Stepping over the line
Every year there are bills introduced late in the session which seem to be fraught with peril. For example, last year we were saddled with a new gasoline tax from a bill introduced one year ago Tuesday, well after the cutoff for new bills to avoid the need for Rules Committee approval. Last year’s session also brought a late bill, introduced at the end of February, which radically changed campaign finance law and, among other things, pushed the filing deadline to February from April. Bad idea.
Because the filing deadline was much earlier this year, a certain delegation must not have liked the hand it was dealt insofar as those running for Central Committee. To that end, the Harford County delegation introduced House Bill 1513, which makes a key change to the Central Committee in that county only.
At this time, there are 12 members of the Harford County Republican Central Committee – twelve positions that a whopping 32 people are seeking. (All of them are at-large countywide positions similar to many other counties in Maryland.) Out of that crowd, it’s apparent that a number are members of the local Campaign for Liberty chapter, and those who would be considered the “establishment” came running to their General Assembly delegation for aid. The result was HB1513, which is written as an “emergency” bill so it would take effect once passed and approved by the governor. Generally this occurs no later than May.
The idea behind the bill is that Republican members of the county’s delegation to Annapolis would become ex officio members of the HCRCC, with voting power in just two instances: removal of members and new appointments. At this time, there are seven members of the Harford County delegation who would become members: Glen Glass, Rick Impallaria, Susan McComas, Pat McDonough, Wayne Norman, Donna Stifler, and Kathy Szeliga. With the exceptions of Norman and Stifler, all could be members going forward into next term if this law passes.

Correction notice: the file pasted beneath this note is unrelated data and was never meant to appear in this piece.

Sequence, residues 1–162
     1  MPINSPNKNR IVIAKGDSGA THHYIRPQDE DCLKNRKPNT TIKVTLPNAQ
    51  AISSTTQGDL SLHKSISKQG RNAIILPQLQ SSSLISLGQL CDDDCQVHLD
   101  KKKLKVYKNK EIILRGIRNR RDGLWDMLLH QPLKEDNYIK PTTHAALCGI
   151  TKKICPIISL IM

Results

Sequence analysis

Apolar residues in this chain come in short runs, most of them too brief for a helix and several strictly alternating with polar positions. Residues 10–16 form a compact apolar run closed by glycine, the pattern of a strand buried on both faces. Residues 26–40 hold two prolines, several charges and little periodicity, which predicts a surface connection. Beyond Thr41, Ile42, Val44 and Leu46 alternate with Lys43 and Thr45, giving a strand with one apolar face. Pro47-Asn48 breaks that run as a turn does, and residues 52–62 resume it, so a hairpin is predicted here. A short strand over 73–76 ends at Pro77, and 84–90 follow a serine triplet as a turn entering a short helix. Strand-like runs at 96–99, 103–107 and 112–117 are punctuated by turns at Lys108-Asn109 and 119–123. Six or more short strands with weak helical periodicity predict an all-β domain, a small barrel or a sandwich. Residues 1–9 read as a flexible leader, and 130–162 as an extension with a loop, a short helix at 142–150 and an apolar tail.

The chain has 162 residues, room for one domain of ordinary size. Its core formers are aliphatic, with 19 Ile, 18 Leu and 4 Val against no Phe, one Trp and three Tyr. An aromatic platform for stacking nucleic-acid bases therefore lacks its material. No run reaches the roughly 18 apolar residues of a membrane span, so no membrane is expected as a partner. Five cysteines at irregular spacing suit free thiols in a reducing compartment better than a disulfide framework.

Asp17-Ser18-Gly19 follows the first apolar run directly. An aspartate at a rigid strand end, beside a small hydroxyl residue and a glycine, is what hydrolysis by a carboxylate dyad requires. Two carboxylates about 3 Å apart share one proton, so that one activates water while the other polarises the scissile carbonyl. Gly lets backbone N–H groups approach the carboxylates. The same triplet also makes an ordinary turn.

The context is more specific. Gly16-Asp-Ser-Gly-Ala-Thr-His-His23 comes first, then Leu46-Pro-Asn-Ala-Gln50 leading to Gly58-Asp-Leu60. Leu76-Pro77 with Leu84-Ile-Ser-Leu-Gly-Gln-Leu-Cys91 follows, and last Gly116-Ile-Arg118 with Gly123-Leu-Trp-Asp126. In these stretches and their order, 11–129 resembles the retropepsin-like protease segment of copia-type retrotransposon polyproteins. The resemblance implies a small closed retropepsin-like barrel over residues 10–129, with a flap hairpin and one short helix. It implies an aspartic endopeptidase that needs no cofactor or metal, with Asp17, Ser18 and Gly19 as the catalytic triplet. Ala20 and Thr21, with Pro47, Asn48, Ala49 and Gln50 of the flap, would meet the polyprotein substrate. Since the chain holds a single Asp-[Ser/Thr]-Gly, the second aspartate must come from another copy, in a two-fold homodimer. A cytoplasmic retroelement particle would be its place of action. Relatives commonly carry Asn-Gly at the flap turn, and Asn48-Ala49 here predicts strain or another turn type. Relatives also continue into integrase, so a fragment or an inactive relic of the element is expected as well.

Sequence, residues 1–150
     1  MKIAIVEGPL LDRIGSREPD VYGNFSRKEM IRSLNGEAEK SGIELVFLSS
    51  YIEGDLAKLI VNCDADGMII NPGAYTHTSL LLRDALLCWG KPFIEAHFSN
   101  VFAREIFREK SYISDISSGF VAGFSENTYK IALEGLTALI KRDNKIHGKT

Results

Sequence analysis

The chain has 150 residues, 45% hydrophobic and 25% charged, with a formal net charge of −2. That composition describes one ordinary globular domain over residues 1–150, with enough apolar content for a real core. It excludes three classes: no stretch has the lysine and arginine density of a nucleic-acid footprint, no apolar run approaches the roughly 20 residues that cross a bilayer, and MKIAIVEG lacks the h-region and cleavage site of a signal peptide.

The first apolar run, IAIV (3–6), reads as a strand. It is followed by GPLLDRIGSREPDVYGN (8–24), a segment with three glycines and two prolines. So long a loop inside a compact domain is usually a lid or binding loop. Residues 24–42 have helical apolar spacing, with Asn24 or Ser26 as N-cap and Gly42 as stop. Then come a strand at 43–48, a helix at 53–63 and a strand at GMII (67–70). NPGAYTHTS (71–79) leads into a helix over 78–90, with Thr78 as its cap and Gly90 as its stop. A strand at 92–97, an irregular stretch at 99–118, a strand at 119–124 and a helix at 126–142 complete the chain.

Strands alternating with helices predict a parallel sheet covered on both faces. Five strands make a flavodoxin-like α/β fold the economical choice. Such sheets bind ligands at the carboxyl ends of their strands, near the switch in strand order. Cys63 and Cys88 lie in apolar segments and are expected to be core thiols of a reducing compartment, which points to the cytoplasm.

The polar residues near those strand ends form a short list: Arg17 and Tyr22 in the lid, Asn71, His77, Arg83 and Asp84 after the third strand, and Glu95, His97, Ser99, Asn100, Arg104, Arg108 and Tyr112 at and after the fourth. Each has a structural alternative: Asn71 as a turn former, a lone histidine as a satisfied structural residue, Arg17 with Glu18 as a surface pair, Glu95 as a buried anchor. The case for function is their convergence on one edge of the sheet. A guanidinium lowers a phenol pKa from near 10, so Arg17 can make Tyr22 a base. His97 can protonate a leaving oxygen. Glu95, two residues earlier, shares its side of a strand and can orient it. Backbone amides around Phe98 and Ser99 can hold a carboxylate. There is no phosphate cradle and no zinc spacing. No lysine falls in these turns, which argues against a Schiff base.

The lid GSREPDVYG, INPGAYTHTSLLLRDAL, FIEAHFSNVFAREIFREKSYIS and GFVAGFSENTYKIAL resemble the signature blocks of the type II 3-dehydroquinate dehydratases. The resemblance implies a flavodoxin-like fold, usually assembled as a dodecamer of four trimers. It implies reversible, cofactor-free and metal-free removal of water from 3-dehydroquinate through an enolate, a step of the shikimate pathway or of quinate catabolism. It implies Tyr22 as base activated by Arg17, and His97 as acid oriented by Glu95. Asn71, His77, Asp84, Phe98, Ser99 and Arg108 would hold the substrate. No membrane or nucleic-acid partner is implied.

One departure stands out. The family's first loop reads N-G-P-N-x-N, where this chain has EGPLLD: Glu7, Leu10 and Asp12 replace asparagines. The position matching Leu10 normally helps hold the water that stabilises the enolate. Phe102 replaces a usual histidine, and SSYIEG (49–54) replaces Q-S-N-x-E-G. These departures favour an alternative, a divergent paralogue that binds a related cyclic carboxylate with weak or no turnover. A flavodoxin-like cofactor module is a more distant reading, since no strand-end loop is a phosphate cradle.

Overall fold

What this bill would do is expand the voting from 12 members to 19 members (as it stands now) or perhaps even 20 members if all members of the General Assembly from Harford are Republicans. (There is one Democrat among the eight presently.) The key reason for this is to make the difficulty of having a 2/3 majority on these issues – where 8 of 12 have to agree – to a situation where it becomes 13 of 19 or 14 of 20.
I think the fear is that a majority of the insurgents will win over so-called “establishment” candidates. By stacking the numbers with members of the General Assembly, they need only convince about half of the existing body to vote with them in order to reach a 2/3 majority. (I use this number because it’s an operative one here in Wicomico County.)
While the numbers would be much less significant here in Wicomico County, if a similar law were passed for us it would add four members to our nine. In that case, attaining a 2/3 majority if the Delegates voted as a bloc could require only a minority of original members (4 of 9.) In Harford’s case, it could be a 6-6 split turned into a 13-6 majority.
And while we certainly would welcome our Republican delegates to our meetings, I think this bill sets a tremendously horrible precedent. There was nothing stopping any of these Delegates from running for Central Committee, aside from the obvious fact not all of them live in Harford County – that in and of itself is a terrible feature of the bill. Again using Wicomico County as an example, all four Delegate slots would go to members who live outside Wicomico County. Shamefully, the only two resident Delegates we have are Democrats.
Unfortunately, it wouldn’t surprise me if this bill passes, even if it does so on just Democratic votes (which is very possible.) And I’m not sure what sort of legal challenge could be made to it, aside from perhaps the fact they would be adding non-residents to the Central Committee – but it could be argued as well that they were voted in by the people of Harford County, too. And if it does, look for a lot of copycat bills in the coming years as the legislative branch consolidates power.
To this I say not just no, but “hell no!” They won’t let us come vote in the General Assembly on bills, so why should they have the right to vote on our Central Committee?